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Is the data storage based on magnetic threads instead of magnetic tape possible and practical?

Particularly, magnetic thread cassetes with endless loop (which is easier with thread than with tape).

I am asking about a thread storage because it is possible to bend the thread in multiple 3D directions, for instance, allowing it to pass multiple times through the head, connect bottom of one reel to the top of another etc.

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    $\begingroup$ Classical hard discs (non-ssd ones) use a few magnetic spinning discs. While not really a thread, the concept is pretty close. $\endgroup$ – T. Sar Aug 30 at 13:41
  • $\begingroup$ @T. Sar I was asking about a thread storage because it is possible to bend the thread in multiple 3D directions, for instance, allowing it to pass multiple times through the head, connect bottom of one reel to the top of another etc. $\endgroup$ – Anixx Aug 30 at 13:43
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    $\begingroup$ @anixx add that reason to your question. Contrary to popular belief: more details and info on your thoughts makes the question better $\endgroup$ – dot_Sp0T Aug 30 at 13:46
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    $\begingroup$ @AlexP Most VHS devices work in a similar way. $\endgroup$ – T. Sar Aug 30 at 14:05
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    $\begingroup$ Does this look similar to what you need? $\endgroup$ – T. Sar Aug 30 at 14:19
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There were wire recorders prior to 1940 (the only recording we have of Hitler's natural speaking voice is on a wire recording from, IIRC, 1938).

These have significant limitations for data storage, but could be made to work, more or less. First limitation is single channel recording -- with effectively a one-dimensional medium, you can't even record once each direction. All data will be serial, not even 8 bits wide (plus a parity bit) as on 9-track tape of whatever size. Transport would generally be slowish, and seek wouldn't be much faster (2x or 3x was about what you got with fast forward or rewind on wire recorders, though that might be improved).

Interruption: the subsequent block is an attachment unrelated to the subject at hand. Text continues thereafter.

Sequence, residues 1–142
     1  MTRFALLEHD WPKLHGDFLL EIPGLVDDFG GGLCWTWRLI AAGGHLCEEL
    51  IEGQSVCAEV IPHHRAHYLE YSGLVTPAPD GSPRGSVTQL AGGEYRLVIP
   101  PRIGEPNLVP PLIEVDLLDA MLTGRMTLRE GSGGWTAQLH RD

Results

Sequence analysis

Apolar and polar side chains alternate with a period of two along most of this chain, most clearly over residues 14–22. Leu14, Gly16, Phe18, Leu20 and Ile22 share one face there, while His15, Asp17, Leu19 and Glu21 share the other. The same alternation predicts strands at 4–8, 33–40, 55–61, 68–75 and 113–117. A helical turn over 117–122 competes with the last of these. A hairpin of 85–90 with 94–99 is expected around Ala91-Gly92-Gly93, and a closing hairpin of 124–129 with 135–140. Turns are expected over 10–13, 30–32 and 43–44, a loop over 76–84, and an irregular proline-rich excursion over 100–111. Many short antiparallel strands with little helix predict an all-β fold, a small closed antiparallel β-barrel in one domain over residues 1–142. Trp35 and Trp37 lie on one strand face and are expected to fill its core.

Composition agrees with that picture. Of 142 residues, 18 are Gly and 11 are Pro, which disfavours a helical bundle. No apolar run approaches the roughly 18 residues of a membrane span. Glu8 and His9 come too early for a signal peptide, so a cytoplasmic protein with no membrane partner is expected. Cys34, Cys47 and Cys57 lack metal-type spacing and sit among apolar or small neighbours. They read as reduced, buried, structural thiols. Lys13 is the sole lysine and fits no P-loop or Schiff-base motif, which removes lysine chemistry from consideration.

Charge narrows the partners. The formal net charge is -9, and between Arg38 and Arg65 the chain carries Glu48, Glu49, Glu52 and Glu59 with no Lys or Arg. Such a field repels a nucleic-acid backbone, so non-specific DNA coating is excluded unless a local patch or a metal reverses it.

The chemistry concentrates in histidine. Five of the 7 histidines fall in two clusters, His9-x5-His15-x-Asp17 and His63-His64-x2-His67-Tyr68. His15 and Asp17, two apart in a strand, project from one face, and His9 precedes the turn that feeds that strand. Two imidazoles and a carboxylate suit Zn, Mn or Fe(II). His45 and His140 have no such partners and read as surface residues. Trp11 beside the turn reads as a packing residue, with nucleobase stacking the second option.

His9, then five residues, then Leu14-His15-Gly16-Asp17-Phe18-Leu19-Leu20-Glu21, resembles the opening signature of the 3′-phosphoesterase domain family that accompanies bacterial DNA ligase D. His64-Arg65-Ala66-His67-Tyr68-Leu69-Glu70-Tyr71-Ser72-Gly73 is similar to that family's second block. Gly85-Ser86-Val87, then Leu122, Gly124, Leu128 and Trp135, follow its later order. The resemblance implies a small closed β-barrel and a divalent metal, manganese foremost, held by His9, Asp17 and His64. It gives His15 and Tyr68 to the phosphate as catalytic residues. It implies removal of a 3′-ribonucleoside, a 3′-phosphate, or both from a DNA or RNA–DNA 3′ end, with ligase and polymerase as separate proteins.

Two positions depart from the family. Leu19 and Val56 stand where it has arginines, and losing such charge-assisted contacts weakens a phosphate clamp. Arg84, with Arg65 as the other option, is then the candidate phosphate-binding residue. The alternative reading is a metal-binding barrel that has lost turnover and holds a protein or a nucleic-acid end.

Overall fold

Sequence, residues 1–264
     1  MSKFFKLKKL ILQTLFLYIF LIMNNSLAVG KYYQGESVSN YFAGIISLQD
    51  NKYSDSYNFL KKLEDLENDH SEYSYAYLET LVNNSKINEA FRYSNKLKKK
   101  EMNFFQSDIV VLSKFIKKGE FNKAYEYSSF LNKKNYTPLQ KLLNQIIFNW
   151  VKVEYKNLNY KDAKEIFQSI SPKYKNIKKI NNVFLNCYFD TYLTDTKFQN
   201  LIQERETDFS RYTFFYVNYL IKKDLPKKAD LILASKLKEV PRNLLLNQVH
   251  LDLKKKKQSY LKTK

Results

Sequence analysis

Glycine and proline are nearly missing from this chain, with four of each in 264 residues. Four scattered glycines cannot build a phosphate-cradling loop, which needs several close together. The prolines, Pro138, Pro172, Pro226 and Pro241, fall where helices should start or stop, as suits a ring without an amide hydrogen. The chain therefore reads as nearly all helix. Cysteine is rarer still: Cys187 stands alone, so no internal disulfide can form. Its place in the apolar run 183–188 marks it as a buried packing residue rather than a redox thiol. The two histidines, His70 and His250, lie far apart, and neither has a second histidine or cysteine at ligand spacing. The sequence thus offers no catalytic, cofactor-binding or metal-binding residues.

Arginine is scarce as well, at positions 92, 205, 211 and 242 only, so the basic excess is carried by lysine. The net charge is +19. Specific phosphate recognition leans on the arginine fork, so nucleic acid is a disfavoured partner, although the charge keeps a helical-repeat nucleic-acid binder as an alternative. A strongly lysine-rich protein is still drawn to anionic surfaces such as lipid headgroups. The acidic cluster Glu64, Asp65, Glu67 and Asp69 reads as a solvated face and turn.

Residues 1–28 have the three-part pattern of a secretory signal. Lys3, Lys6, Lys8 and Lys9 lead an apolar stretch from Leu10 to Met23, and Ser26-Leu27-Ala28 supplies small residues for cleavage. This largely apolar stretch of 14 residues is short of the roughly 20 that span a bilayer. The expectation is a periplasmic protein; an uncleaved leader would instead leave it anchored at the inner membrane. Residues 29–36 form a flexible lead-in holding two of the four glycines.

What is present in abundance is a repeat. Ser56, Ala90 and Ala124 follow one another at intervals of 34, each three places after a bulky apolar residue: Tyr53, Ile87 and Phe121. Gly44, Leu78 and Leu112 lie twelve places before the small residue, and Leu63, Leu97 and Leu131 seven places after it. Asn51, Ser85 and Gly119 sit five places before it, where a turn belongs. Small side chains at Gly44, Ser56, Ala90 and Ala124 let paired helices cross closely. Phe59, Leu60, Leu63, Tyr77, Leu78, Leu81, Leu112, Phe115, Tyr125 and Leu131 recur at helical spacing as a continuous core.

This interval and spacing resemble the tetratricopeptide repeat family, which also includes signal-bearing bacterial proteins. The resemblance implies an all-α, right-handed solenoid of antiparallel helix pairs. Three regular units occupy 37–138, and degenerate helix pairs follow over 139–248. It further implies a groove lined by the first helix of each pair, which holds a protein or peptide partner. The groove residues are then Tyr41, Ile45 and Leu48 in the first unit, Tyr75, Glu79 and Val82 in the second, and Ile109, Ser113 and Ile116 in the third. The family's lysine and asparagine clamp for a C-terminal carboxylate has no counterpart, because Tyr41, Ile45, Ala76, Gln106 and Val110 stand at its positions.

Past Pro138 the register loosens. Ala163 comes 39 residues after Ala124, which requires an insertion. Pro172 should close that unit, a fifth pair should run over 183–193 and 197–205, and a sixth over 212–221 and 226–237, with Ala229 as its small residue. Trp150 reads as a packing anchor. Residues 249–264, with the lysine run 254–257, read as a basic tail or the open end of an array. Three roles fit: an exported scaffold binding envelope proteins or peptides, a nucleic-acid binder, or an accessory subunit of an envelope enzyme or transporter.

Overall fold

Worst, the wire was a bit fragile -- with voice, it just made a little "click" where you spliced the broken wire ends together, but with data, it would cause frame errors and other mayhem. Not practical, in my opinion.

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  • $\begingroup$ Modern polymer wire can be made very strong and thin. $\endgroup$ – Anixx Aug 30 at 13:40
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    $\begingroup$ Magnetic polymer wire? I suppose you could make a hollow fiber, like what's used to fill high-end sleeping bags, only with magnetic oxide in the core, but I don't see this as an improvement on tape. $\endgroup$ – Zeiss Ikon Aug 30 at 13:48
  • $\begingroup$ data errors: that's why God invented CRC and FEC :-) $\endgroup$ – Carl Witthoft Aug 30 at 14:14
  • $\begingroup$ @CarlWitthoft And when did He invent those? Parity I know goes back to the beginning of TTY, but fancier stuff seems like post-1970 at least. $\endgroup$ – Zeiss Ikon Aug 30 at 14:41
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    $\begingroup$ Yep, but in wire recorder days, 110 bps (TTY) was fast. Audio on cassette was never a high bit rate, either, back when that was an option for early microcomputers. If you have today's knowledge with 1940 hardware, you'd probably skip over wire and go to tape -- it's easy to make and the electronic part of a wire recorder is the same as a mono tape machine. $\endgroup$ – Zeiss Ikon Aug 30 at 18:15